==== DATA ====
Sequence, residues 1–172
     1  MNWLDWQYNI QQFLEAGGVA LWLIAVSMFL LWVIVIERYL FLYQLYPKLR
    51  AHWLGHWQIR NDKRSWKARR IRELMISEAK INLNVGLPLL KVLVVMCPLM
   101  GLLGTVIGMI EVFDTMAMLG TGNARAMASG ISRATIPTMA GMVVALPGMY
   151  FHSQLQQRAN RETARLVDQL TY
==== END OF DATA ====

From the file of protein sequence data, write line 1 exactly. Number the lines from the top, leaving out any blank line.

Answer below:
Sequence, residues 1–172